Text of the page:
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The Chronicles of Enguerrand de Monstrelet: Containing an Account of the ...
Thomas Johnes,Enguerrand De Monstrelet
Keine Leseprobe verfügbar - 2015
according afterwards ambassadors amount appointed archers arms army arrived assembled attack attempt attended bastard battle besieged bishop body Brittany brother Bruges Calais called captains carried castle caused CHAPTER Charles church combatants command consequence constable council count count de Charolois court daughter dauphin death died duke of Burgundy earl effects enemy England English entered father force four French gained garrison gate Ghent governor greater hands held honour horse hundred inhabitants instantly John killed king of France king's knights lands leagues leave letters lord Luxembourg marched master means meet men-at-arms never nobles Normandy numbers ordered Paris party passed peace persons pope possession present prince principal prisoners promised quarters received remained request returned Rouen saying sent side siege sir John soon surrender taken thence thither thousand took town treaty village whole
Seite 178 - Out of the mouth of babes and sucklings hast thou ordained strength because of thine enemies, that thou mightest still the enemy and the avenger.
Seite 130 - Hermit, and all those who shall, by a king at anus or pursuivant, touch the first shield, shall be bounden to perform twelve courses on horseback with me, or with one of my aforesaid knights or esquires, with blunted lances. — Item, if either of the champions, during their twelve courses, be unhorsed by a direct blow with the lance on his armour, such person, thus unhorsed, shall present to his adversary a diamond of whatever value he please. — Item, the champions may arm themselves according...
Seite 173 - This fair Agnes had been five years in the service of the queen, during which she had enjoyed all the pleasures of life, in wearing rich clothes, furred robes, golden chains, and precious stones...
Seite 343 - ... great breadth. They also wore hoods on their heads, of a circular form, half an ell or three quarters high, gradually tapering to the top. Some had them not so high, with handkerchiefs wreathed round them, the corners hanging down to the ground. They...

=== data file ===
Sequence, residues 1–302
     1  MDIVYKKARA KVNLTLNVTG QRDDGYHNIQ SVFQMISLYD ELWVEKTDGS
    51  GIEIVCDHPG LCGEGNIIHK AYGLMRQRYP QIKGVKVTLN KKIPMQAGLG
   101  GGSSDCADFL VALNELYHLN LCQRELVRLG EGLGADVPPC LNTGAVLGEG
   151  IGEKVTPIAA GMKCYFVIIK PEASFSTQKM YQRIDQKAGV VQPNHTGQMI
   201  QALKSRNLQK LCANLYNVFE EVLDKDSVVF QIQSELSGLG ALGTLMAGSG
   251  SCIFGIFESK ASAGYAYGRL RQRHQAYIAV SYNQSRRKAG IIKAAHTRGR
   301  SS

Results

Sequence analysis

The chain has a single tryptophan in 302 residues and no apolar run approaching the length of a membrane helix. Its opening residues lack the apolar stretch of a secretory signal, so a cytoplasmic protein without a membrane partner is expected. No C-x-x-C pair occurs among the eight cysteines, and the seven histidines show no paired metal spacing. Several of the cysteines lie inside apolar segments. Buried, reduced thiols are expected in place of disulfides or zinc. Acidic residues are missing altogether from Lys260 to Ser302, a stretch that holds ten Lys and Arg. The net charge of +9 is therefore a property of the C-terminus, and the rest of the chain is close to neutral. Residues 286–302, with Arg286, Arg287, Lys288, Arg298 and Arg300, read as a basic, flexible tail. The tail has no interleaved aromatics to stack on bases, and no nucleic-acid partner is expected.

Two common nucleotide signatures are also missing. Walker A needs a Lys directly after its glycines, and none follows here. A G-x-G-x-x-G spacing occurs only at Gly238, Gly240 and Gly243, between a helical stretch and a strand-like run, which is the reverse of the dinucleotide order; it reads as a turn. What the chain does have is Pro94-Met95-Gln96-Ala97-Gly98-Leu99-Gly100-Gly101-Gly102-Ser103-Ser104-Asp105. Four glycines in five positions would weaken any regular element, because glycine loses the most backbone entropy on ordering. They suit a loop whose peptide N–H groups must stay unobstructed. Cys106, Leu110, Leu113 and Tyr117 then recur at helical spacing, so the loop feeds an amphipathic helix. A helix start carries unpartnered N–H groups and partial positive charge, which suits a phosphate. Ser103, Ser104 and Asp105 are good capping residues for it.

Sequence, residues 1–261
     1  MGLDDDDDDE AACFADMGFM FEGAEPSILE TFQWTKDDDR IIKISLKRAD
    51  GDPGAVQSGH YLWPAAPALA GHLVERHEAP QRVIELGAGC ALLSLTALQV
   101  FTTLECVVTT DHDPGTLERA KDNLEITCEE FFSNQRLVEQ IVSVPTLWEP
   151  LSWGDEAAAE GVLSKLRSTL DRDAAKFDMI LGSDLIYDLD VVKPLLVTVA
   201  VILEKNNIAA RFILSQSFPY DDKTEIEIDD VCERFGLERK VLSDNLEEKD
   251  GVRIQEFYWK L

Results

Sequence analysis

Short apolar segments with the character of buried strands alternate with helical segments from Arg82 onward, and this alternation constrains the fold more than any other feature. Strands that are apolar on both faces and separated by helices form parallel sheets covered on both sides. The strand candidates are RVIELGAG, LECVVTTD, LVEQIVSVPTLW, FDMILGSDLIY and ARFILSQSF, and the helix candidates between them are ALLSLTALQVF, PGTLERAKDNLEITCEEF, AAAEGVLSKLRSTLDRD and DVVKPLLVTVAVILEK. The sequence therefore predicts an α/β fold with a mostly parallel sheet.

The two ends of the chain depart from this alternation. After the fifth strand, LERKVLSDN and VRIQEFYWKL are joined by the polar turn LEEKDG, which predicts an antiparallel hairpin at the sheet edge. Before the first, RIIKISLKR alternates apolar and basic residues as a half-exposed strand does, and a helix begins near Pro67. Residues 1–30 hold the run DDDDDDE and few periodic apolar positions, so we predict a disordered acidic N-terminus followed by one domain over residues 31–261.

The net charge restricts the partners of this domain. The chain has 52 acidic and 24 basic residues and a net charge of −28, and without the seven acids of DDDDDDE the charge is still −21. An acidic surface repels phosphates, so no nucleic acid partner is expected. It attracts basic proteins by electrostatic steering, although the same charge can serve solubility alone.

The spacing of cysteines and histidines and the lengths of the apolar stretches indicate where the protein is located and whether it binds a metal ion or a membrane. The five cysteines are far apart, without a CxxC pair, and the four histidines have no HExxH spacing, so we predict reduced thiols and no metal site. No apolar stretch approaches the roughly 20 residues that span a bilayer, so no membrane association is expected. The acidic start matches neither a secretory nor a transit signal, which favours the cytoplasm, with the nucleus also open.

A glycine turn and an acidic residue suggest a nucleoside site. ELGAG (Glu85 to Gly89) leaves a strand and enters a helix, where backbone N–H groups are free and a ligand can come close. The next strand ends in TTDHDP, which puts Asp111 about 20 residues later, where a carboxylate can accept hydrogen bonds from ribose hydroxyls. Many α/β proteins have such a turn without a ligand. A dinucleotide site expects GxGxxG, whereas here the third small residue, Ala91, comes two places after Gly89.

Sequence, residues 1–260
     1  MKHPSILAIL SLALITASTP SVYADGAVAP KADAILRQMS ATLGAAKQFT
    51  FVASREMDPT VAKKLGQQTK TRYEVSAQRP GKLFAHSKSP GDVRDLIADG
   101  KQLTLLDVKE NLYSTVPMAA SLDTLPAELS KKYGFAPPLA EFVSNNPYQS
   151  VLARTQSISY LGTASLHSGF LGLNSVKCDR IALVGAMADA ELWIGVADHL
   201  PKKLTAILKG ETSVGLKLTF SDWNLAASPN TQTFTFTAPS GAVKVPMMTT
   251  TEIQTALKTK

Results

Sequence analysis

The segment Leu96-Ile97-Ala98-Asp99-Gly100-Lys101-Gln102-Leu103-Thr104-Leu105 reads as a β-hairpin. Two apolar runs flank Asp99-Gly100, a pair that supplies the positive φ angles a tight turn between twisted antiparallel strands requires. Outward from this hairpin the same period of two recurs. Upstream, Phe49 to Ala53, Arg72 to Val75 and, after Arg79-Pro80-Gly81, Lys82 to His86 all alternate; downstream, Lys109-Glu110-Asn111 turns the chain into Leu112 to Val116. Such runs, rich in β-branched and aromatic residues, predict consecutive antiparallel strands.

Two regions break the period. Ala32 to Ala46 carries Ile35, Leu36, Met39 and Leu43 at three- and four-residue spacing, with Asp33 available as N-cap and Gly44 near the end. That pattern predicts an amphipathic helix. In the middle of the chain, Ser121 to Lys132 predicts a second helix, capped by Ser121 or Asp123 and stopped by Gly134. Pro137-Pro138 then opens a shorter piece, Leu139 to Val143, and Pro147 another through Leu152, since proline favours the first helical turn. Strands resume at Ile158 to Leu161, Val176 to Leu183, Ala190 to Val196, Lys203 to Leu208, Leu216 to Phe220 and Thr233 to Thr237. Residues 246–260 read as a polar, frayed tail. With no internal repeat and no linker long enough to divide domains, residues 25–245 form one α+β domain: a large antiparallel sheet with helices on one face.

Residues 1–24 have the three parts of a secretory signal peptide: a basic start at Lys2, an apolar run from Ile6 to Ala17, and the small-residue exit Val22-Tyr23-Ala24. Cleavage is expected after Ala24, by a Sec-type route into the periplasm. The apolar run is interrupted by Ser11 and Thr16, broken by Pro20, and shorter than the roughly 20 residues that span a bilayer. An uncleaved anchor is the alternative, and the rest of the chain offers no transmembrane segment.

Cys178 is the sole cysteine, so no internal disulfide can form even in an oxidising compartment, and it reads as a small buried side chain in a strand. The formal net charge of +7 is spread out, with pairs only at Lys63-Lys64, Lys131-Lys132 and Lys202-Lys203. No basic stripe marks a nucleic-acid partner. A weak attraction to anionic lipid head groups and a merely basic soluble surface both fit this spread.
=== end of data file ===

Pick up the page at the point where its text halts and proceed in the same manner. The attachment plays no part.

Seite 375 - He was thus conducted in procession to the cathedral, where he made his offering, and thence went to the lodgings that had been prepared for him at the Jacobins. The queen and princesses came likewise to Rouen; and the king remained there with the Earl of Warwick the space of twelve days, when the earl returned to England."* During the whole or the greater part of the time that Warwick staid at Rouen the King of France lodged in the next house, and he visited the earl at all hours, passing through...
Seite 140 - After a few discussions every thing was agreed on ; but before their departure with the new queen, a magnificent tournament was held, in which the Kings of France and Sicily, the Lord Charles d'Anjou, the Counts de Foix and de St. Pol, the Lord Ferry de Lorraine, and several other...
Seite 129 - Montfort, knight, counsellor and chamberlain, to the most high, most puissant and excellent prince the duke of Burgundy, make known to all princes, barons, knights and esquires, without reproach, with the exception of those of the kingdom of France and of the countries in alliance, or subjects to my said sovereign lord, that for the augmentation and extension of the most noble profession and exercise of arms, my will and intention is, in conjunction with twelve knights, esquires and gentlemen, of...
Seite 130 - CHAPTER CCLXXI. HERE FOLLOW THE ARTICLES FOR THE DEEDS OF ARMS ON FOOT. " THOSE princes, barons, knights, and esquires, of the rank before-mentioned, who shall rather take their pleasure in performing feats of arms on foot, shall touch the violet shield, and shall perform fifteen courses with battles-axes or swords, as may be most agreeable to them.
Seite 288 - Varennes and her son, having lost their way in a forest of Hainault, were met by some banditti, who robbed them of all they had. It is probable the banditti would have murdered them, had they not quarrelled about the division of the • spoil, insomuch that from words they came to blows ; and, while they were fighting, she caught her son in her arms and fled to the thickest part of the forest, where, weary with fatigue, she was forced to stop. At this moment she met another robber, to whom she instantly...
Seite 129 - ... known to all princes, barons, cavaliers, and esquires without reproach, that, for the augmentation and extension of the most noble profession and exercise of arms, it was his will and intention, in conjunction with twelve knights, squires, and gentlemen, of four quarterings, whose names he mentioned, to guard and defend a pass d'armes, situated on the great road leading from Dijon toward Exonne, at the end of the causeway from the said town of Dijon, at a great tree called the Hermit's Tree,...